Work, transport and wheelchair users

Picture showing the level access from the platform into the train. Work, transport and wheelchair users.How many jobs can a wheelchair user reach using public transport? Combining wheelchair accessibility with potential jobs is a useful way to show how access is good for individuals and the economy. That’s because we can add anyone with difficulty walking, and also people taking their children to childcare near their workplace. 

Montreal and Toronto are retrofitting their networks to ensure that all individuals can use the public transport system. But will it be enough? A group of transport researchers created a method to identify the public transport barriers that prevent wheelchair users from getting to jobs.

Once the method was devised, they applied it to Montreal and Toronto. They calculated calculate the number of jobs that can be reached within 45 minutes of travel by public transport by a wheelchair user compared to the number of jobs a non wheelchair user can access.

In Toronto, wheelchair users have access to 75% of jobs compared to non wheelchair users. In Montreal this figure drops to 46%. The main reason for the difference is that Montreal has less accessible subway stations than Toronto.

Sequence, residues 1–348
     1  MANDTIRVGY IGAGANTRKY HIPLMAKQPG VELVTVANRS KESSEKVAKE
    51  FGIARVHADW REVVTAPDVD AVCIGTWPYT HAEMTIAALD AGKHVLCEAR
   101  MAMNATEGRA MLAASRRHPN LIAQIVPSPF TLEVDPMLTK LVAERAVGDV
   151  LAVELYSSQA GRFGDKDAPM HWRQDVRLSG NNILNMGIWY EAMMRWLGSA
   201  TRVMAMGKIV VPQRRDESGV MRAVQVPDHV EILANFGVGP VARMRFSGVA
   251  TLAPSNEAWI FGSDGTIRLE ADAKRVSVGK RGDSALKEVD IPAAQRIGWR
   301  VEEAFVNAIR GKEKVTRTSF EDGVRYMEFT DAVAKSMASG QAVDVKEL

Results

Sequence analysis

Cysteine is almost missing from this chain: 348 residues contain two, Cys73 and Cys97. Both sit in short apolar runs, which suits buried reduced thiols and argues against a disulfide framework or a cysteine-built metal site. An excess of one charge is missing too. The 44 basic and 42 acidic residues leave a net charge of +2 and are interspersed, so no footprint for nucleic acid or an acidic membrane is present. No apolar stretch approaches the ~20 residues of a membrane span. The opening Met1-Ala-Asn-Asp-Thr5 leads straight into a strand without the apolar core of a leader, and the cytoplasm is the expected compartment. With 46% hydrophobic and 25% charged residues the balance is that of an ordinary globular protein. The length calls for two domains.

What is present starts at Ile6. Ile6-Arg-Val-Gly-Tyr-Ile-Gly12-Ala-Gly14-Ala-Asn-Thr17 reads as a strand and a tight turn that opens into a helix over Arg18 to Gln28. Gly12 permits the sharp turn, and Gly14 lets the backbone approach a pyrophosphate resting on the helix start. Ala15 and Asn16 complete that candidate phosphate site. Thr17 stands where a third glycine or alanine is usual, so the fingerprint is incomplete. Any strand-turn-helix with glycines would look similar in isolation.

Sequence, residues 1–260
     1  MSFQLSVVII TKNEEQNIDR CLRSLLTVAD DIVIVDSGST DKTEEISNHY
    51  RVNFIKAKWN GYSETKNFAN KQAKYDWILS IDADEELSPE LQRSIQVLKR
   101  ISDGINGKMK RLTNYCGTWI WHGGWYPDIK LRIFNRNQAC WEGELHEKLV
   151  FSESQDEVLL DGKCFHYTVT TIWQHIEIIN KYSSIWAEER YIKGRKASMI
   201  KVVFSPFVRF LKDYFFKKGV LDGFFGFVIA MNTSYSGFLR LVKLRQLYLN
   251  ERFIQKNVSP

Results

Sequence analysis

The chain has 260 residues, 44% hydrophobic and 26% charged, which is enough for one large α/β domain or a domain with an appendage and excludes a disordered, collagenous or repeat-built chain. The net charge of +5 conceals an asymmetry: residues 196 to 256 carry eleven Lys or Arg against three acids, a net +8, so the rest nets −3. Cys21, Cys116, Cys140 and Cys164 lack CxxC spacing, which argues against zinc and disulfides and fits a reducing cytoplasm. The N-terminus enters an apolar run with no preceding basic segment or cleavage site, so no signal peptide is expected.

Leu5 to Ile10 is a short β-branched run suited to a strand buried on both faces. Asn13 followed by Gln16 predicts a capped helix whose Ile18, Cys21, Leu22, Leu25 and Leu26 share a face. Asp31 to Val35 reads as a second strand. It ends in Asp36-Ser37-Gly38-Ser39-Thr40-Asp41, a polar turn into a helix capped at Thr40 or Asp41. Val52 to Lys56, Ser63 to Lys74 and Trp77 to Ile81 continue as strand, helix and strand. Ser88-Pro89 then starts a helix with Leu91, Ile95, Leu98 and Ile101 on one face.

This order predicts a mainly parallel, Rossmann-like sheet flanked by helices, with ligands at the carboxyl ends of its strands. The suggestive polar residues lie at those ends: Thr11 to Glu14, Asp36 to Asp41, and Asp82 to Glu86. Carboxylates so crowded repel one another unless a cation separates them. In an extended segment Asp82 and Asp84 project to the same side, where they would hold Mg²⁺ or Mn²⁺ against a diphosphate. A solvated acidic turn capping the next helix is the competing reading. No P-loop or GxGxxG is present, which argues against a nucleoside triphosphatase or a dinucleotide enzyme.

The title of the article is, Comparing accessibility to jobs by public transport for individuals with and without a physical disabilityThe article covers the development of the methodology, the results and analysis. It is worth noting that if wheelchair users can get out and about easily, others with mobility issues will also be served. So it is not just about a niche group particularly as our population ages.

Abstract

Equal access to opportunities has emerged in public transport planning as a social objective that many transport agencies are trying to achieve. Yet in practice, not all public transport agencies are currently providing urban residents with comparable levels of service due to physical barriers in the public transport network that can significantly hinder the ability of individuals with physical disabilities to access opportunities.

In countries without a strong federal accessibility act and/or with major financial constraints, some public transport agencies fall behind in applying universal access design principles, making it even harder for people with a physical disability to access opportunities.

The objective of this study is to develop a methodology that can be used by
public transport agencies or disability advocates to clearly highlight and quantify the performance of the public transport network in a region, in terms of providing transit services to people in a wheelchair and compare that to the service offered to an individual not in a wheelchair.

In this study we use accessibility, the ease of reaching destinations, by public transport as the key performance measure in two major Canadian Cities (Montreal and Toronto). Furthermore, we focus on job accessibility in the most socially vulnerable census tracts in both cities, to evaluate levels of job accessibility for wheelchair users residing in socially vulnerable areas.